School Districts in Oakland County Launching Varsity eSports Programs

Four School Districts in Oakland County Launching Varsity eSports Programs

(Crystal A. Proxmire, Aug. 21, 2019)

Birmingham, Ferndale,  Lake Orion, MI – With advances in technology come changes in how humans interact. The world of teenagers is certainly no exception, and a new program gives young people an opportunity to take technology to a new level, by earning their a varsity letter in eSports.

Birmingham’s Seaholm High School, University of Detroit Jesuit, as well as high schools in Ferndale, and Lake Orion are part of the new league. Note: Oakland County Times originally reported that Holly was among the districts, and has since learned that they are not. This story has been corrected to remove them from the list of participants.

Bill Good, Communications Director for Ferndale Schools, is excited about the new program.  “It is really unique in that it is a brand new endeavor!  How cool is it to be a part of the beginning of a new organized high school sport,” he said.

The program works like other school sports, with a coach that meets with students for practice and competitions. The league is essentially starting from scratch, with the involved districts working together to come up with a neutral location for the students to meet and compete.  One possibility, for example, would be Game Time Detroit, located in Auburn Hills.

“Ferndale and other districts are currently working through the logistics of how to make that happen,” Good said. “This will be a computer/console based league it will not be virtual or online.  So all practices and games will be played with the participants in the same arena/room.”

The scheduling will also depend on how many districts join in. The time commitment will be similar to other school sports.

Good said other districts are still on the fence about joining, but he anticipates that it will catch on.  There are currently three different games under consideration for competition:  Super Smash Brothers, League of Legends, and Rocket League.  Depending on the interest from the various districts there will be either one game selected or separate leagues for all three.

eSports is the fastest growing high school and university sport in the nation, and that popularity also makes it prime for an influx of sponsorship and scholarship money.  An article in  Forbes touts a 480% increase in college scholarships. An online search shows massive eSports matches with fans packing in to cheer on the teams of gamers.

“What caught our eye in Ferndale Schools is the amount of college scholarships that are now available to eSports athletes,” Good said.  “The other big focus for us with eSports is it allows some of our students who don’t participate in traditional sports the opportunity to represent their school.  As a district that values diversity, equity, and inclusion, the possibility to create a new team that allows non -traditional athletes to compete and represent their school is something we simply couldn’t pass up.”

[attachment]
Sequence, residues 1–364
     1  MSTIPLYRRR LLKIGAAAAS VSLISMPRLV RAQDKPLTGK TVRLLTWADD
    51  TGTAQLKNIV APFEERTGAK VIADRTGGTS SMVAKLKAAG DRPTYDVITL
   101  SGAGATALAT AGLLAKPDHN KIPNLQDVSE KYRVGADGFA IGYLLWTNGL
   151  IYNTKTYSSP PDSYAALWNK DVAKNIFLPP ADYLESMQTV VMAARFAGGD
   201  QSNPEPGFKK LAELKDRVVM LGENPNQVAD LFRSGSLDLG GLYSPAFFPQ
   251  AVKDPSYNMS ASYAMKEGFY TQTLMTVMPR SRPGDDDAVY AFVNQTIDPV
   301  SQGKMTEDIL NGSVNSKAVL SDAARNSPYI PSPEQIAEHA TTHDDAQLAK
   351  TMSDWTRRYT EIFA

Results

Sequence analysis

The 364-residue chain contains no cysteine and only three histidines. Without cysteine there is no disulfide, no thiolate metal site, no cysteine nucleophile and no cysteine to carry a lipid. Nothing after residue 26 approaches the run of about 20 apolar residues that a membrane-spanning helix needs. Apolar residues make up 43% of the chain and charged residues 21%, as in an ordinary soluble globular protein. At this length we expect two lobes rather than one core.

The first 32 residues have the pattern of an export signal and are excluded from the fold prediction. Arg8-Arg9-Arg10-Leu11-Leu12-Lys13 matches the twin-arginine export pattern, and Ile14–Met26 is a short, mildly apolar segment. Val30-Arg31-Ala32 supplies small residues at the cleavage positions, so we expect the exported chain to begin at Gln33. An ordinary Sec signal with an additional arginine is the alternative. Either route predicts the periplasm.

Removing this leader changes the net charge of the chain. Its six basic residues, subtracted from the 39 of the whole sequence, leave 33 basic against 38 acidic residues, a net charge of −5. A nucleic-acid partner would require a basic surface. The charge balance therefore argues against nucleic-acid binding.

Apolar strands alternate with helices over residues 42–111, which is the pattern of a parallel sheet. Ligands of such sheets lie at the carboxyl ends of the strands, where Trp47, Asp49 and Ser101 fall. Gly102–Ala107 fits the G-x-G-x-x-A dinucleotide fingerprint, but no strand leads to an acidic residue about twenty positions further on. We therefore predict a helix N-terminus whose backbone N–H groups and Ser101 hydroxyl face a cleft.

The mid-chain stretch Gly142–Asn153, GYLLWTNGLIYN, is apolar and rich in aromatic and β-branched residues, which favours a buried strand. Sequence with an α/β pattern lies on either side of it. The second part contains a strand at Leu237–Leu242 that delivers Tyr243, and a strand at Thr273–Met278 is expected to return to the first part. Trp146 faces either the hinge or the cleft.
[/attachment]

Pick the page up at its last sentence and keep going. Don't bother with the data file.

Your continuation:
Good also noted that it’s also one of the rare sports that is co-ed.  (Golf is the other offered through Ferndale Schools.)  It also takes teens who might be playing video games at home in a solitary environment and helps them be part of something bigger.  “Having a team where you work together to improve really changes the dynamic that many student gamers have experienced.”

There are also skills that students learn too, such as teamwork, strategy, setting goals,  paying attention to detail, discipline, and reflexes.  Earlier this year CASA student Jaylen Johnson of Oak Park High School used his senior class project to demonstrate the potential benefit of gaming in improving reaction time.

“People always think video games don’t do anything,” Johnson said.  “They rot your brain.  They’re all about violence. With this stereotype out there, I wanted to do research of who can benefit from video games.”  His idea was that playing video games could improve one’s reaction time for sports.  “Or there may be an accident and they many need to react quick” he said.  Other applications of video games helping are in hospitals when learning coordination is a part of recovery, and in first responder trainings.  Like many young people, Johnson hopes to work in technology, ideally with a focus on gaming.  His project tested students reflexes and did find a correlation between gaming practice and reaction time.

While the eSports program comes too late for Johnson at the high school level, it could inspire this year’s students to focus on technology as well.
Ferndale is looking to hire a coach for the eSports program if they have enough student interest.  If anyone is interested in coaching they can contact Athletic Director Shaun Butler at 248-586-8740 or by email at

Ferndale Schools families (which include Ferndale, Oak Park, Royal Oak Township, and Pleasant Ridge)  were sent an announcement and invited to fill out a survey if interested that includes their choices of games. Students at Ferndale High School and University High School are invited to join.

Those interested in joining eSports can reach out to the administration of their local districts.

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